PORT SALERNO, Fla. — A group of commercial fishers in Port Salerno met at the town’s Neighborhood Advisory Committee to voice their disapproval over a plan to create more parking spots for businesses near Railway and Commerce avenues.
The commercial fishermen fear the plan, which was presented by the Treasure Coast Regional Planning Council, is the first step in a redevelopment strategy to end commercial fishing in the town.
Although there is no direct evidence commercial fishing would end, a developer is threatening to build an apartment building if he feels an open-air market in the town isn't a feasible option due to various conditions.
Corey Crowley, with Capital C Inc., said the additional parking spots would help his proposed and preferred option — an open market development. He said he believes his plan will provide an economic boost for Port Salerno rather than another plan from a different developer.
"They want to maintain the commercial fishing opportunities, and they want to maintain the character," Crowley said. "Someone has got to do that, somebody as a developer, somebody with money. You can't just sit there saying, 'I wish, I wish, I wish.' You got to buy it and you got do it."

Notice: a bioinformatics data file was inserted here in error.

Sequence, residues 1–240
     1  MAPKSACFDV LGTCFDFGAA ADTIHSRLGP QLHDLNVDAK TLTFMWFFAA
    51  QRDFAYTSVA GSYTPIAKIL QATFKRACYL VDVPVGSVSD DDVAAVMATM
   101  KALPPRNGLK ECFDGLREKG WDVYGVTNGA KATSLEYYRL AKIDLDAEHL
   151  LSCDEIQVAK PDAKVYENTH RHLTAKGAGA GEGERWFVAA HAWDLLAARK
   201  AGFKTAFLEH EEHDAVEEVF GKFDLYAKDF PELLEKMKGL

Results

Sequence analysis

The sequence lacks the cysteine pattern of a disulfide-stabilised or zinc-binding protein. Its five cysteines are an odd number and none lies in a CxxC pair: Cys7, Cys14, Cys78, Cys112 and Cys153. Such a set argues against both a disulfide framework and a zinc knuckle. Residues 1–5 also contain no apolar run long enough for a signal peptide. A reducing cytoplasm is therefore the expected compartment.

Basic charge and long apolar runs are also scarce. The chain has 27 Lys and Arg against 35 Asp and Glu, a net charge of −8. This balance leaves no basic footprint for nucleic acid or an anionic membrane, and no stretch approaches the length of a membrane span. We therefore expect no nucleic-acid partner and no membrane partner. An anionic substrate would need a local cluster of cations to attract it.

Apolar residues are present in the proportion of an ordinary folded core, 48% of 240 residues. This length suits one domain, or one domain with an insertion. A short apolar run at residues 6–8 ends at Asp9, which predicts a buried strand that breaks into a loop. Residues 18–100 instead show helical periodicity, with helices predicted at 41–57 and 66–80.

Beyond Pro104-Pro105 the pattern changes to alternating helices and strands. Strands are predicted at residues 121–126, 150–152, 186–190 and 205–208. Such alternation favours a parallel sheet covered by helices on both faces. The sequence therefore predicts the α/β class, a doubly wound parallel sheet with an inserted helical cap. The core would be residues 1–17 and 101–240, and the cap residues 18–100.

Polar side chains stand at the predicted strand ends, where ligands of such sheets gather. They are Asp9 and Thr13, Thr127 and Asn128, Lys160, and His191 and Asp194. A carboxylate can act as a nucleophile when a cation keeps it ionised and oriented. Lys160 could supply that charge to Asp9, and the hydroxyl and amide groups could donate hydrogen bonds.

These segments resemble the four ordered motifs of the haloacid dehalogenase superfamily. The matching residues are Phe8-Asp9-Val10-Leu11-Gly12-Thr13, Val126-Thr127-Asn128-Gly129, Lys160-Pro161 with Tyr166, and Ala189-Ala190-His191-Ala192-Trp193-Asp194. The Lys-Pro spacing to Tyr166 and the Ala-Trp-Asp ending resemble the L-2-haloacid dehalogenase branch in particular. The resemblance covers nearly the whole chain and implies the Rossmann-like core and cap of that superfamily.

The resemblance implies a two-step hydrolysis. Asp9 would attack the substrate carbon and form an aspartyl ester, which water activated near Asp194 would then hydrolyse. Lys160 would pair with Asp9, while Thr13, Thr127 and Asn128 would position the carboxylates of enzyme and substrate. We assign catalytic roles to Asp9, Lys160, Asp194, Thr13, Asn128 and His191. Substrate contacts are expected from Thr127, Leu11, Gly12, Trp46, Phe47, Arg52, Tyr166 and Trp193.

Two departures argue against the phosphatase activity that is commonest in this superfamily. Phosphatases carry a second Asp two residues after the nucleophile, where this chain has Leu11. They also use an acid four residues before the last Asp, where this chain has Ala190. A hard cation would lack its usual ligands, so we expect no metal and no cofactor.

He said Senate Bill 102, which was passed into law this legislative session, allows a developer to ignore local government rules on zoning, density and building height in certain situations. Crowley said the law creates leverage for developers to move projects forward versus unwanted construction like an apartment building.
"I'm not saying I am using leverage," he said. "But, I'm saying that's a possibility for a lot of people. That's a scary thing and when people are scared that's leverage."
Crowley said the next step is the Community Redevelopment Agency (CRA) for Martin County making a proposal to its board on adding parking to the area. He said the neighborhood advisory committee can only add advice and direction to staff on the community's opinion.
Around 50 people attended the neighborhood advisory committee on Thursday night to give their opinion on the project. Although there was some support, the majority was disappointed and frustrated with the concept of adding additional parking spots because it would make the roads less accessible for commercial vehicles and boats.
One of those people against the project included Joseph Lloyd, who said he's fished commercially since 1971. He said he's taught his sons to fish and believes this construction is the first step to ending commercial fishing in the town.
"Oh, we will be replaced," Lloyd said. "We're going to be replaced at those docks. I can almost guarantee it."
He said he wasn’t aware of Senate Bill 102 and its ability to allow developers to force construction.